2021 Post-doctoral Non-clinical Fellowship
Investigating gait-phase dependent adaptive deep brain stimulation and neurofeedback training for patients with gait disturbances
Apart from symptoms such as slow and/or stiff movements, many patients with Parkinson’s disease can also have difficulties with gait. Currently, continuous deep brain stimulation is an effective treatment for many symptoms of Parkinson’s disease, but for gait, the effect is less consistent and could even make it worse. Previous work reported that electrical waves deep in the brain varied in time with stepping, alternating between left and right sides, and this alternating effect was stronger with more regular stepping in patients with less gait difficulties. Furthermore, a type of brain stimulation that mimics this natural alternating activity could modify stepping in patients with Parkinson’s disease. These together lead to the hypothesis of this project: facilitating this alternating pattern could improve gait. I will be testing this hypothesis through two interventions, including Gait-phase dependent adaptive deep brain stimulation, and neurofeedback training. The overall goal of this project is to better understand the relationship between the observed brain patterns and gait, as well as to improve therapy for gait difficulties.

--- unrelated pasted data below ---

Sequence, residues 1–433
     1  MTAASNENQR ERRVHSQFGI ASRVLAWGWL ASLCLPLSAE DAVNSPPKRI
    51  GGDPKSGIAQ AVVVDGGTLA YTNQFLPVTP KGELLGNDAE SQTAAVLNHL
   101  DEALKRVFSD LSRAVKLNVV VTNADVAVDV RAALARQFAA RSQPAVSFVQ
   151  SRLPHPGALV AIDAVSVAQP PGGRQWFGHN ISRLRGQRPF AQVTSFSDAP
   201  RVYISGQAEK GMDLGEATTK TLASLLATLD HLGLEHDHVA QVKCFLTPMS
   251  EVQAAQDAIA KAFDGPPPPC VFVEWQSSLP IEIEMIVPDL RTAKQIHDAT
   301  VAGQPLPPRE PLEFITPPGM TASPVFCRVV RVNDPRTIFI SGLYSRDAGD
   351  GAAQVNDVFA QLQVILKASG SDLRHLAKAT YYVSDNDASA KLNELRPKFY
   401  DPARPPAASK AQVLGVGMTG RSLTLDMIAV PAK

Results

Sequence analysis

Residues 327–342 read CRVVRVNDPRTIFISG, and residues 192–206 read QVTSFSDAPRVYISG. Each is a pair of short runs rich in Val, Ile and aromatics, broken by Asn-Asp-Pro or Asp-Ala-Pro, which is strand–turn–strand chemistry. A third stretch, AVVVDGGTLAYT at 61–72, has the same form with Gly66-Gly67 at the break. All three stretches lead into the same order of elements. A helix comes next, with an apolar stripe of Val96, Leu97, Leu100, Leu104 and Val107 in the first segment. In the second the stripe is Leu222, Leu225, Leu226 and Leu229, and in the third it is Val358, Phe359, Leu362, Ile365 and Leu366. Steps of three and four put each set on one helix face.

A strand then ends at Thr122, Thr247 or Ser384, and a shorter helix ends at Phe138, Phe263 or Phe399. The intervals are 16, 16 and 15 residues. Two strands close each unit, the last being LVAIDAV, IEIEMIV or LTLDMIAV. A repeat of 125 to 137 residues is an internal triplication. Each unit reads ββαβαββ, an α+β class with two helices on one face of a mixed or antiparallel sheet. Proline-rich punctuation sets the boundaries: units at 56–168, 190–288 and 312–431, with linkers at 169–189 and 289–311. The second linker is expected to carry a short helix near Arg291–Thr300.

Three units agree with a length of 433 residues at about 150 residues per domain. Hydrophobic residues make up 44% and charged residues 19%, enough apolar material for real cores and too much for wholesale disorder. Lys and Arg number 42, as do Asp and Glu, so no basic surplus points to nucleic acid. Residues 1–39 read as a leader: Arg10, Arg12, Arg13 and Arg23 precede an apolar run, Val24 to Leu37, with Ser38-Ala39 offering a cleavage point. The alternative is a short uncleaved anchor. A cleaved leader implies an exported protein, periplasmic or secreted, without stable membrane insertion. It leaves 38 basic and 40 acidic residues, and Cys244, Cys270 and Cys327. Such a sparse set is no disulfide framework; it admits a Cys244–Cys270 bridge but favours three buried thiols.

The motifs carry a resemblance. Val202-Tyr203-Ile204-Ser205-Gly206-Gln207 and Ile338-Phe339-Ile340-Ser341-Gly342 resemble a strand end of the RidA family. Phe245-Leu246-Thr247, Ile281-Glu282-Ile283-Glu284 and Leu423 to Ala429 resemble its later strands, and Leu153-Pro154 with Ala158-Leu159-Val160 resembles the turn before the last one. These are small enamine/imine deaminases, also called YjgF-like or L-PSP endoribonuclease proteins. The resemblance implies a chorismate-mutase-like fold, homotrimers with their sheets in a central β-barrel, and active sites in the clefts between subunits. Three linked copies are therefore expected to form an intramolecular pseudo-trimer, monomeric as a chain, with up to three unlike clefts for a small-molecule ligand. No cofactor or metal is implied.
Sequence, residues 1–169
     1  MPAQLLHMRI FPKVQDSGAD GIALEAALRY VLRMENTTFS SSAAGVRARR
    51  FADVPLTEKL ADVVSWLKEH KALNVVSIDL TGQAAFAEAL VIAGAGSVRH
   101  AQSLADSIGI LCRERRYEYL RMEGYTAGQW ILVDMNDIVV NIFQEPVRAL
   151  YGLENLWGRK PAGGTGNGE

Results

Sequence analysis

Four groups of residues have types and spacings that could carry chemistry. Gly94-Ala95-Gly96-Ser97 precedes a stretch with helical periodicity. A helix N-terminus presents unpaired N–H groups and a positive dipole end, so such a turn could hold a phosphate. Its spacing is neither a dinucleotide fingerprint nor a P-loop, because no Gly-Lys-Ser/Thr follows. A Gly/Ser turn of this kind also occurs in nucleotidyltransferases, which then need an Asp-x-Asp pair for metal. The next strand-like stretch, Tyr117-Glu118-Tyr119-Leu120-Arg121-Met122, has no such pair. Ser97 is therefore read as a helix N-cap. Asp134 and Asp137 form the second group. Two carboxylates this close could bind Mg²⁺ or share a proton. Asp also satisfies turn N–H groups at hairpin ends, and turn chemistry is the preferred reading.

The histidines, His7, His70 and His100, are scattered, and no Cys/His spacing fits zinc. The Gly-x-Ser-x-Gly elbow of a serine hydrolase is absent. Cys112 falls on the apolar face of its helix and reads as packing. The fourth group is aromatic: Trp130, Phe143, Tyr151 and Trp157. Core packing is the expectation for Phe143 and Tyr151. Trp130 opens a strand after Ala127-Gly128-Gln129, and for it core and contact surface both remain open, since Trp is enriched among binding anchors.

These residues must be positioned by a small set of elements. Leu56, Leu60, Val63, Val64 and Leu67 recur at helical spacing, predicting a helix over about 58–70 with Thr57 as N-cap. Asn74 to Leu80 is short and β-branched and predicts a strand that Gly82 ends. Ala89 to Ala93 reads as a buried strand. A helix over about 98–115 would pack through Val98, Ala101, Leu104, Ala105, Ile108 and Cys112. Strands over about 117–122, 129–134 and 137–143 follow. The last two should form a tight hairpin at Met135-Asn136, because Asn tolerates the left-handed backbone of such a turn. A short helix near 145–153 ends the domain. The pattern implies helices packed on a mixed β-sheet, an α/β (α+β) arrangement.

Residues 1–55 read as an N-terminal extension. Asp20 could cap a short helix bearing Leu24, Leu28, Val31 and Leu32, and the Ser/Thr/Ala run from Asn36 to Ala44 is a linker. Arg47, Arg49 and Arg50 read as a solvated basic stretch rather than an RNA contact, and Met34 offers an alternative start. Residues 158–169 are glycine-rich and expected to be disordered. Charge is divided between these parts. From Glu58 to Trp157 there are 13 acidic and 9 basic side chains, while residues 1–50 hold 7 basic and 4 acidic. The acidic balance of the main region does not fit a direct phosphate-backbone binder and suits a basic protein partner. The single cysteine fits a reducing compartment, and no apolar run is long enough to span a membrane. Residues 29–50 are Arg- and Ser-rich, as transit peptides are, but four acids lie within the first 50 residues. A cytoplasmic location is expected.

Gait-phase dependent adaptive deep brain stimulation (A) and neurofeedback training (B) for facilitating gait.
Gait-phase modulates alpha and beta oscillations in the pedunculopontine nucleus
Journal of Neuroscience. 2021 Oct 6;41(40):8390-402
Entraining stepping movements of Parkinson's patients to alternating subthalamic nucleus deep brain stimulation
Journal of Neuroscience. 2020 Nov 11;40(46):8964-72